36a man's enemies will be the members of his own household.'[e]

37"Anyone who loves his father or mother more than me is not worthy of me; anyone who loves his son or daughter more than me is not worthy of me; 38and anyone who does not take his cross and follow me is not worthy of me. 39Whoever finds his life will lose it, and whoever loses his life for my sake will find it."

Now, how do you suppose Jesus felt about political correctness?

SC in KC

Regarding "Bad Old Religious Ideas"...

Maugham's work is considered a classic, but I wonder how many people realize that he has essentially rewritten the book of Ecclesiastes with a different ending? Solomon's work begins...

"1 The words of the Teacher, [a] son of David, king in Jerusalem:
2 "Meaningless! Meaningless!"
says the Teacher.
"Utterly meaningless!
Everything is meaningless."

Sounds like Maugham, doesn't it? However, the conclusion Maugham reaches is merely the beginning of Ecclesiastes. Solomon goes on to describe why the world is meaningless, and how meaning can only be found in God. Solomon ends his work with...

"13 Now all has been heard;
here is the conclusion of the matter:
Fear God and keep his commandments,
for this is the whole duty of man.

14 For God will bring every deed into judgment,
including every hidden thing,
whether it is good or evil."

Solomon went on to write other books describing the very meaningful life he found in service to God. After you read Ecclesiastes, keep going into Song of Solomon, then back up and catch some of the Proverbs. I think you'd conclude, as I did, that Solomon found plenty of meaning.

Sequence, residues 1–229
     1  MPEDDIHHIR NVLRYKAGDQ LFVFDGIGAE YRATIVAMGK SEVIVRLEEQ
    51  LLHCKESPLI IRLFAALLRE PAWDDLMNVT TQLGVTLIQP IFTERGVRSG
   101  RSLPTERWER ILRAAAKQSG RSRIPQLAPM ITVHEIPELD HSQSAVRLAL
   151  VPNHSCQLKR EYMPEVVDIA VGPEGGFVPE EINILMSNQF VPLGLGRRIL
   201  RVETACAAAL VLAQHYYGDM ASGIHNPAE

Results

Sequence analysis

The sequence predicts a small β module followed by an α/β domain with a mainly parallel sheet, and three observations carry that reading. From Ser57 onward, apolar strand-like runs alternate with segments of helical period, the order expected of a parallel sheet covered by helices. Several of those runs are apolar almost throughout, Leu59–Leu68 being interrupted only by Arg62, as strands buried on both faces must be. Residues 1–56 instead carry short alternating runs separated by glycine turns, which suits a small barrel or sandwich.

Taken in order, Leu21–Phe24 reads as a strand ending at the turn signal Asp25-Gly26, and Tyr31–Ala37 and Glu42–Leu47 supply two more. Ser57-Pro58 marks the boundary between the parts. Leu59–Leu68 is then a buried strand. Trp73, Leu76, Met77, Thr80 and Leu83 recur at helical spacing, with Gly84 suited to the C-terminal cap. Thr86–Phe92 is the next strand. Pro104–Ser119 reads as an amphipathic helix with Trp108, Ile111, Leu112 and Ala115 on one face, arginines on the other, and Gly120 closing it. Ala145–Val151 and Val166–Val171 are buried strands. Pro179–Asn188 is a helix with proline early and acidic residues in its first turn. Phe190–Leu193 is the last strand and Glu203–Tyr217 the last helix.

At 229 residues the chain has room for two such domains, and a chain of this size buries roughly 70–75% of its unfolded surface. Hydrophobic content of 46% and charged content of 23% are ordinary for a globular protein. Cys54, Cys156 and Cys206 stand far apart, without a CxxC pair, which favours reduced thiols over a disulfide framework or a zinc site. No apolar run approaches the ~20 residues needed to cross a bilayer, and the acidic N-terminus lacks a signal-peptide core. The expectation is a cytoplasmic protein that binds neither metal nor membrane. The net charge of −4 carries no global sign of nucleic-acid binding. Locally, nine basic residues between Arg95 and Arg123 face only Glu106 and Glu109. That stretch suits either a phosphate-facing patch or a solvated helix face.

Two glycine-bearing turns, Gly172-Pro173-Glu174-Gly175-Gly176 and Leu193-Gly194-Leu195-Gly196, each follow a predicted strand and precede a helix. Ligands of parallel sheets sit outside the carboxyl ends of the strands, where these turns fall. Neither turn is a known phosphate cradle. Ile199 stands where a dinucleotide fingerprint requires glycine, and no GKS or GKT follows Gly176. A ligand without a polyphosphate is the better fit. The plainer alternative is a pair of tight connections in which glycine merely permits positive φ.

Steve S

Since many Christians are upset when they are asked to remove their religious beliefs from official government promotion (i.e. "In God We Trust" or "Under God" in the pledge) and non-Christians get upset when Christian beliefs are thrust upon them by the government, let's split the difference. We'll leave "In God We Trust" on the quarter since Christianity is the majority religion and the quarter is the most used coin. However, we will include different statements on other coins. "In Allah We Trust" goes on the dime. The nickel gets "In YHVH We Trust". With "There is no God" on the penny.

Dave Miller

Good one, Steve. I like it. One of the coins would need to read, "In Jesus We Trust," or at least "In the Trinity We Trust," though. "God" is pretty generic, don't you think?

In a similar vein, I've often thought that if a church had an American flag in the sanctuary, it should also have the flags of several other nations too, to do a better job of representing God's perspective. As Pablo Casals famously said, "Love of ones country is a natural thing...but why should love stop at the border?"


Steve's idea has one important benefit: It would call attention to the fact thal all religions don't worship the same god. However, now that many people, because of political correctness, interpret "In God we trust" as refering to gods other than the Triune God, perhaps it is best to leave this phrase off our currency. God is not generic.